How to Clean Quartz Countertops with Ammonia

Quartz countertops are popular in many homes for their durability, stylish appearance, and low maintenance. However, like any countertop material, quartz can get dirty over time and require occasional deep cleaning. Some homeowners use ammonia to clean quartz countertops, but is this actually safe and effective? Here is a comprehensive guide on how to properly clean quartz countertops with ammonia.

Is Ammonia Safe for Cleaning Quartz?

Ammonia is a powerful chemical typically used as a cleaning agent. When diluted with water, it can be an effective degreaser and disinfectant for many household surfaces. However, there are a few factors to consider when using ammonia on quartz countertops:

  • Quartz is non-porous – Unlike natural stone, quartz repels liquid rather than absorbing it. This means spills and stains sit on the surface rather than seep in. Ammonia-based cleaners can be used since the chemicals won’t penetrate the material.
  • Check manufacturer guidelines – Some quartz brands specifically advise against ammonia. Always refer to your countertop manufacturer’s care and maintenance guide before using any chemical cleaner.
  • Use proper dilution – Ammonia should always be diluted for safe use on any surface. A 10% solution (1 part ammonia to 10 parts water) is commonly recommended for cleaning quartz countertops.
  • Rinse thoroughly – After cleaning with ammonia, be sure to rinse the countertop several times with clean water to remove any chemical residue. Allow to fully air dry as well.

With proper precautions, an ammonia-based cleaner can be used to safely clean quartz countertops without damaging the material.

Step-by-Step Guide to Cleaning Quartz with Ammonia

Follow these steps for best results when using ammonia to clean quartz countertops:

Gather Supplies

  • Ammonia-based household cleaner or pure ammonia
  • Warm water
  • Soft clean cloths
  • Mild detergent or dish soap
  • Rubbing alcohol (optional)
  • Protective gloves, safety goggles

Make Ammonia Cleaning Solution

  • In a spray bottle, mix a 10% ammonia solution of 1 part ammonia to 10 parts warm water. For heavy buildup, you can use a slightly higher ammonia concentration.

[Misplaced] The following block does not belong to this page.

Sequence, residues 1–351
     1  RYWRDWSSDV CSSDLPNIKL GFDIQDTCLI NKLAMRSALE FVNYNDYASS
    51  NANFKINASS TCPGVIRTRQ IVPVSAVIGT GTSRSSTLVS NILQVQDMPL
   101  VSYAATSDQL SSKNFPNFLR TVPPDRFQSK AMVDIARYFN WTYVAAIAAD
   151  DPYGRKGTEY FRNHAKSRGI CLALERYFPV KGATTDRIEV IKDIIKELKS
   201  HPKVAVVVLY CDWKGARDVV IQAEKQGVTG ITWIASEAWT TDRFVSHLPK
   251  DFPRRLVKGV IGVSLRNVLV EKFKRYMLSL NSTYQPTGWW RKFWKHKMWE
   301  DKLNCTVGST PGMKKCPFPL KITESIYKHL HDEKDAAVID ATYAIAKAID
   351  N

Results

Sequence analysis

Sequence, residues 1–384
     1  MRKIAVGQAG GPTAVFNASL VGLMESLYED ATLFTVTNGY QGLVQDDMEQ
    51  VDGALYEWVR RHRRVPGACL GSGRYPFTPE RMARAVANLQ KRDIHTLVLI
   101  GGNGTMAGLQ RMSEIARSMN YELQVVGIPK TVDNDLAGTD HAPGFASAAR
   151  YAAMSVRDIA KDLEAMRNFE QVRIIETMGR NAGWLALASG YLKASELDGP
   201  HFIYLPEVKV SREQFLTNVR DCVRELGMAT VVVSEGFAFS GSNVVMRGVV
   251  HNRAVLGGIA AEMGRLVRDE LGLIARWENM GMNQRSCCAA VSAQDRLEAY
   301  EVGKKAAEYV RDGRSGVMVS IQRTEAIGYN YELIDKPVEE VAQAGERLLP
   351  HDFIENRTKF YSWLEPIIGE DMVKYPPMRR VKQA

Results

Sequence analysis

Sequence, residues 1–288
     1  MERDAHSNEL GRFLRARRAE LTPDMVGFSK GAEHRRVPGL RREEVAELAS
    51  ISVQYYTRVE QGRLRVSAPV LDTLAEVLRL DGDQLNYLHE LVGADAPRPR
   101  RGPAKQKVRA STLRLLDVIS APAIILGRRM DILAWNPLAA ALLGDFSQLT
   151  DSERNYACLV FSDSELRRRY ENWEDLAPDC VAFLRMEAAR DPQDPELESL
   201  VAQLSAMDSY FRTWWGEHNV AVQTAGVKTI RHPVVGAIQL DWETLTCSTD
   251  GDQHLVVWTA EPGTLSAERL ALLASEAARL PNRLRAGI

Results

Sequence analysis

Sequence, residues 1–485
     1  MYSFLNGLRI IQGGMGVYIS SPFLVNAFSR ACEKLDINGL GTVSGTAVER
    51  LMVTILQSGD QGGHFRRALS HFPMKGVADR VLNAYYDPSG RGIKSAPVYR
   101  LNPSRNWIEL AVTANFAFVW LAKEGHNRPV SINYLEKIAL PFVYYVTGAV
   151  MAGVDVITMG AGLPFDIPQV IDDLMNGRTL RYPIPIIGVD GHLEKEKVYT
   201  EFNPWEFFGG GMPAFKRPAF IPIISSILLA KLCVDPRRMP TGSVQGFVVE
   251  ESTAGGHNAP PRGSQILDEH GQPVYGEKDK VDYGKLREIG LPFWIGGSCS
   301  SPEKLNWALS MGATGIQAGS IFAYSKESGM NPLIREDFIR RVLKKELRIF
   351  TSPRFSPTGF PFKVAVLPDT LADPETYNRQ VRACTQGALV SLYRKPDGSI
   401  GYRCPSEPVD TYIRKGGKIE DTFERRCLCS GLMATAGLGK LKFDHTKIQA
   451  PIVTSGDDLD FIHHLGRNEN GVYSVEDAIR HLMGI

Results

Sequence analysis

Clean the Countertop

  • Sweep or wipe down the countertop to remove any loose debris or crumbs.
  • Apply the diluted ammonia solution liberally over the entire surface. Avoid spraying directly near backsplashes or walls.
  • Allow the solution to sit on the quartz for 2-3 minutes so it can penetrate grime and buildup.
  • Scrub the entire surface with a soft cloth, sponge, or nylon scrubbing pad. Apply moderate pressure for stuck-on messes.
  • For stubborn spots and stains, let the ammonia solution sit for 5-10 minutes before scrubbing.

Rinse and Dry

  • Wipe down the quartz countertop with a clean damp cloth to remove all ammonia residue.
  • Follow up by rinsing 2-3 times with just warm water and a soft cloth.
  • Blot up any excess moisture with a dry towel. Allow the countertop to completely air dry.

Optional Polishing

  • Once fully dry, apply a small amount of rubbing alcohol to a microfiber cloth.
  • Rub the alcohol over the entire quartz surface to polish it and eliminate any streaks or residue.
  • Buff dry once more with a clean soft cloth for a sparkling finish.

With this thorough cleaning method, ammonia can safely refresh dingy quartz countertops and keep them looking like new. Always test ammonia in an inconspicuous spot first, and never let it sit too long on the surface.